"Teen Titans" is derivative.
The story, on the other hand, shows potential even from the beginning of
"Sisters." The plot of this episode has Starfire's sister, Blackfire
arrive on Earth for a visit. She quickly befriends every member of the Titans.
The character moments are handled well and for the first time the viewer
actually begins to care about the fate of this strange super-team. Robin is
portrayed as a born leader, Starfire as a naïve and innocent foreigner. Their
connection is quite heart-warming until the pink phallic tentacle monsters
arrive on scene reminding the viewer that bright colors and anime goofiness is
the bread-and-butter of "Teen Titans."
Arune: Y'know, I don't mind. It's a kid show. It's targeted to younger
viewers and I don't mind if this isn't as in-depth as the "Teen
Titans" comic coming from DC. There's a sense of fun, a sense
of internal logic, a great lead couple in Starfire and Robin, both of whom are
fun characters and there's a brisk pacing to this episode that allows every
character to be somewhat explored. From the video game playing to off comments
about hobbies, it's a great way to define these characters and it's ensured that
I'll be tuning in again. If this episode is an indicator of things to come, I'm
in! I can turn my brain off and enjoy a youth oriented approach to some of my
favorite fictional characters. This isn't supposed to be Shakespeare: but at the
same time it shouldn't leave the viewer bored (like the first episode did). I
felt this episode did a good job of appealing to the core children's audience
and adults who might be watching it as well. I just fear that those watching the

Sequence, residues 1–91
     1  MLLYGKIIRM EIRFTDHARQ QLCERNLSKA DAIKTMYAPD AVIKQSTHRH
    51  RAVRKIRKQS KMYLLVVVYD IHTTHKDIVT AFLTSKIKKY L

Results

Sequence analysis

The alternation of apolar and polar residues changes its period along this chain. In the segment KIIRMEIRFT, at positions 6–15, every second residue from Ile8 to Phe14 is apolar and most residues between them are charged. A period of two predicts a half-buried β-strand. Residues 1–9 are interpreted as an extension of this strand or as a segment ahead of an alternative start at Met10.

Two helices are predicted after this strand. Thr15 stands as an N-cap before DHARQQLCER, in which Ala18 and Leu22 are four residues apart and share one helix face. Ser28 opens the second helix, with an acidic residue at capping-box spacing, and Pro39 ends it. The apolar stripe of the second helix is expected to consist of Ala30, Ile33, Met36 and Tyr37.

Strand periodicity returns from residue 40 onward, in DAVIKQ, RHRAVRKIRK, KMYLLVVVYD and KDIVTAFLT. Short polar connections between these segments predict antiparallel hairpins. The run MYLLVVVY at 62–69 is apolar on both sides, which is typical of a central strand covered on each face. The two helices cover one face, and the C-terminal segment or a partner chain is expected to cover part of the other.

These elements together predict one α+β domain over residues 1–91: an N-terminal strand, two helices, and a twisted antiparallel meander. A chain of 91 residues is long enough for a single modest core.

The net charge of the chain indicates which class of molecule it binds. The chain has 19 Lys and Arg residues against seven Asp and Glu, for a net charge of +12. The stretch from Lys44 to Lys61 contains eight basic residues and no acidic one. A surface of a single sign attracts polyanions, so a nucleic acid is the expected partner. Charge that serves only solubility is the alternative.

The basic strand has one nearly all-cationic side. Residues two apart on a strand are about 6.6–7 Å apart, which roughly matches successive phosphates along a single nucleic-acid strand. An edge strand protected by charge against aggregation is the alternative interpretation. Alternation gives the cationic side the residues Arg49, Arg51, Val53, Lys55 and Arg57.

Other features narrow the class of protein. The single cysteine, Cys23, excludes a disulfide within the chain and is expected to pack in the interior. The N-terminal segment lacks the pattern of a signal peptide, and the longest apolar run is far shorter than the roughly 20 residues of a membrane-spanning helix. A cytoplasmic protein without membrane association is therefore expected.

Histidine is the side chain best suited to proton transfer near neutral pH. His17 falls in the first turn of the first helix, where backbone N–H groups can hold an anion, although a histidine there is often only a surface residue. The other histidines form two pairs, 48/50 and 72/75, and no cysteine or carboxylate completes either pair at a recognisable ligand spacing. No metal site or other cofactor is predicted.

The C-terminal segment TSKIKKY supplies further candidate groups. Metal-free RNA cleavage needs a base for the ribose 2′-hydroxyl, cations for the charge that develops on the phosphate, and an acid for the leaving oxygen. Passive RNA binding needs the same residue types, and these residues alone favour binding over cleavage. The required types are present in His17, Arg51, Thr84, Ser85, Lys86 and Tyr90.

first episode might never get to this fun romp.
Arune: I won't claim to be the target audience for this show and so I
can't imagine I'm going to be the best judge of this show's potential success.
That said, I'm a comic fan and a part of some of this program's audience and
really wish the first episode had been more in the vein of the enjoyable, light
hearted time that was the second episode. The comic book fans might be surprised
at how different this is, but I think the second episode warrants giving this show a few more episodes to develop.
Arthur: At the end of the day, I think we are dealing with gimmick
television here. Whatever good comes of the "Teen Titans" series, it won't be
because it was expertly conceived but because some talent surfaces despite DC's
attempt to break into the anime market. I just can't see a clear creative reason
for the "Teen Titans" animated series to exist and I highly doubt
comic fans will warm up to it without a major revamping of the concept. Children
go through popular cartoon series as fast as they are put out, so without an
appeal to all audiences the "Teen Titans" could have a rather bleak
future. "Justice League" sticks to the all-ages formula and has no
problem keeping the interest of adults as well as kids. Parents will not want to
watch "Teen Titans" with their children and the connection to the
comic book source material has been severed conceptually. "Pre-Teen Titans
Regardless of how these two reviewers perceived "Final Exam," don't miss this newest DC animated series on Saturday, July 19th at 9pm EST and "Sisters" on Saturday, July 26th, only on Cartoon Network (thought it will be rebroadcast on Kids WB! at some point).
Special Thanks to C2F's Rob Worley.